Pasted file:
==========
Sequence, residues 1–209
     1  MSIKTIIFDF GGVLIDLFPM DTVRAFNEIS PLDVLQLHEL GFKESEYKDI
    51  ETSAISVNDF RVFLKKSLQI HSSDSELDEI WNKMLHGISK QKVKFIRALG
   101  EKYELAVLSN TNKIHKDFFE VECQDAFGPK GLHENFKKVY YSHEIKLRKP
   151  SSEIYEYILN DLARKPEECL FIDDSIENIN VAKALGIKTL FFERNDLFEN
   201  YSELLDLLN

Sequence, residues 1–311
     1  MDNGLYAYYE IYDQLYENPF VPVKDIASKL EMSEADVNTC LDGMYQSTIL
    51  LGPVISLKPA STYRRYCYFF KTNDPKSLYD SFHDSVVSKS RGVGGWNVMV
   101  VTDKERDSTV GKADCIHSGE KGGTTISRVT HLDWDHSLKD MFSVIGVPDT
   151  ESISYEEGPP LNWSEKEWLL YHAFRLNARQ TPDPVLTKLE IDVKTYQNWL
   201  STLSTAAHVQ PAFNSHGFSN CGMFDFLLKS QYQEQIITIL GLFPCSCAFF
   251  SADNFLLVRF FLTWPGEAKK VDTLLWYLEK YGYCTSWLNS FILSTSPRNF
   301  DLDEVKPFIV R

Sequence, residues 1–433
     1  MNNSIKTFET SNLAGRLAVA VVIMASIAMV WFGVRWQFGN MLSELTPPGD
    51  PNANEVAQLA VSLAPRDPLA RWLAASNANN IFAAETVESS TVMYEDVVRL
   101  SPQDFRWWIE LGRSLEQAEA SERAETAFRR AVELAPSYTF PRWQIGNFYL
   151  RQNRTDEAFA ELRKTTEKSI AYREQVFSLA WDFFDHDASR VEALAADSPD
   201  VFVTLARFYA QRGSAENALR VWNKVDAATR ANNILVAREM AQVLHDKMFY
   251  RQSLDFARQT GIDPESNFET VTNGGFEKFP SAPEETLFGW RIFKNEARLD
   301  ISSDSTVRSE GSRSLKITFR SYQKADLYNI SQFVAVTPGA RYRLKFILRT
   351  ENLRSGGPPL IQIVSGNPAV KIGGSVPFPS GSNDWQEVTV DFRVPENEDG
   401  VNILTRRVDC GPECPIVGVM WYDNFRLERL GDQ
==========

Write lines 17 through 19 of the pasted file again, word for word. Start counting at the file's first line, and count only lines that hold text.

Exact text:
    51  PNANEVAQLA VSLAPRDPLA RWLAASNANN IFAAETVESS TVMYEDVVRL
   101  SPQDFRWWIE LGRSLEQAEA SERAETAFRR AVELAPSYTF PRWQIGNFYL
   151  RQNRTDEAFA ELRKTTEKSI AYREQVFSLA WDFFDHDASR VEALAADSPD